In the beginning was the Gene. As originally envisaged genes were atomic (i.e. indivisible) and inherited independently. That means if gene 1 has alleles A and a, and gene 2 has alleles B and b, then the allele you inherit for gene 1 should not depend on the allele you inherit for gene 2. But this isn't true because in physical reality genes are linked to each other on chromosomes.
In the case of a single cross, this clearly isn't true. Consider following parents:
chromosome copy 1: ----A--------B-----
chromosome copy 2: ----A--------B-----
Chromosome copy 1: ----a--------b-----
Chromosome copy 2: ----A--------B-----
----A--------B----- or ----A--------B-----
Offspring from this cross will always inherit an A and a B from the mother, but 50% will inherit A and 50% a and 50% B and 50%b from the father.
Under independent inheritance, the genotypes AABB AaBB AABb and AaBb should be equally likely (you can do a punnet's square to check). But that isn't the case because the offspring either in inherits chromosome copy 1 or chormosome copy 2 from the father, so the only possible genotypes for the offspring are AABB (if the offspring inherits copy 2 from the father) and AaBb (if the offspring inherits copy 1 from the father). This is the phenomena of Linkage
All of this is assuming that recombination won't form a
------A-------b----- chromosome in the father. While this is unlikely to happen in one cross, over a population and across evolutionary time, the association of a with b and A with B will break down and you will get lots of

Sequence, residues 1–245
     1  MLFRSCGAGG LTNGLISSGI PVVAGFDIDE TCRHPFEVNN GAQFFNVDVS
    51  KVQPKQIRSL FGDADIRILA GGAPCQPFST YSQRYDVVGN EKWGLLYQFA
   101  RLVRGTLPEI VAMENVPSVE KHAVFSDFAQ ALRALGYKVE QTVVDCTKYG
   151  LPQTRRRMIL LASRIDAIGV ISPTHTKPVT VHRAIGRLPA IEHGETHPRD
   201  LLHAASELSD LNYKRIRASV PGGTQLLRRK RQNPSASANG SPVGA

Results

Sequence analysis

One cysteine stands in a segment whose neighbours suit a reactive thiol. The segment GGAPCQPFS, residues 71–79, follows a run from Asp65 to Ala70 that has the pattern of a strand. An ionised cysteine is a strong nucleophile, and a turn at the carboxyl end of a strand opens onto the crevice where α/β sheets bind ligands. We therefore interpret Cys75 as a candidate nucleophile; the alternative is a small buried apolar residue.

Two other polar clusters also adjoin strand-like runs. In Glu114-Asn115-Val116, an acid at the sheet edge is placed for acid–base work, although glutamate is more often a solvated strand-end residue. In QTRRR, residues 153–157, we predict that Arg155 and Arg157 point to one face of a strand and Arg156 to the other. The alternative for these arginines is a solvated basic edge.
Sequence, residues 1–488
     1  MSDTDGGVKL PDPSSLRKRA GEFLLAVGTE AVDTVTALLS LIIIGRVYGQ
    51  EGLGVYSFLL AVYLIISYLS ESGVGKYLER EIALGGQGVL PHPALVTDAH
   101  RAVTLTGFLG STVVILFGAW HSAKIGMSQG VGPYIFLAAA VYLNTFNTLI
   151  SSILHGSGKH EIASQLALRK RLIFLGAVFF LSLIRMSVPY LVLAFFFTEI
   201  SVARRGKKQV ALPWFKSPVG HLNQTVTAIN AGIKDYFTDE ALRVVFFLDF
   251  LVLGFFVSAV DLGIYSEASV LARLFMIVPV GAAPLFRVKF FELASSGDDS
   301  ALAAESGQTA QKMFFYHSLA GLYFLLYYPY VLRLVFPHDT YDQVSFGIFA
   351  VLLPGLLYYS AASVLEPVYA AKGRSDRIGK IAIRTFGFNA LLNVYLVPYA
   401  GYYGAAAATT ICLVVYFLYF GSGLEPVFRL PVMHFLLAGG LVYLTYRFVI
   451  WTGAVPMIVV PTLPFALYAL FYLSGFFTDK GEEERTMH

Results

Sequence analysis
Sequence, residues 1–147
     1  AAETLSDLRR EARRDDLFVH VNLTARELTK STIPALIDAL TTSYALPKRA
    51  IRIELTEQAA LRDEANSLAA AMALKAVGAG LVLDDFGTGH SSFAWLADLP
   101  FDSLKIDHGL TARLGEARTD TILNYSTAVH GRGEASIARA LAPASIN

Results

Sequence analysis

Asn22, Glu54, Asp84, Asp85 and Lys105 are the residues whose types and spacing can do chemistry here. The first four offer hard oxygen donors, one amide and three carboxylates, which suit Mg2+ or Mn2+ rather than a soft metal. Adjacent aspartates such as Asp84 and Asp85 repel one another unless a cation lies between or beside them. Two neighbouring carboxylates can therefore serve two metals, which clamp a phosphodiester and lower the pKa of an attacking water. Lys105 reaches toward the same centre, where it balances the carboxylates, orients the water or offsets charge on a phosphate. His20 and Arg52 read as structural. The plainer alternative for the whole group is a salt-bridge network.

-----a------B---- chromosomes. when the probability of being hetrozyous at both loci is equal to the probability of being hetrozygous at gene 1 multiplied by the probability of being hetrozygous at gene 2, then the loci are said to be in linkage equilibrium.
If this is not that case, and the probability of having b rather than B at loci 1 depends on whether you have a rather than A at loci 2, then the loci are said to be in Linkage disequilibrium. At its extreme, for 2 loci in complete LD, if you tell me what the allele at loci 1 is, I can tell you what the allele at loci 2 is.
EDIT: after rereading the question.
What I've drawn above are haplotypes, not genotypes. In your question you write 0|1, which suggests your data is phased. Unphased data would normally be written 1/0. So if you phased genotypes are 0|1, 0|1, then your haplotypes are 00 and 11.
LD is a property of a population, not of a single individual, or even 2 individuals -you can only calculate LD if you have the genotypes of a large population. However, Linkage is not the same as linkage disequilibrium, and you can calculate Linkage from a collection of parents and their offspring (how often do you see a haplotype in the offspring that is not present in the parents). But no on really calculates linkage any more since genome sequences made genetic mapping unnecessary.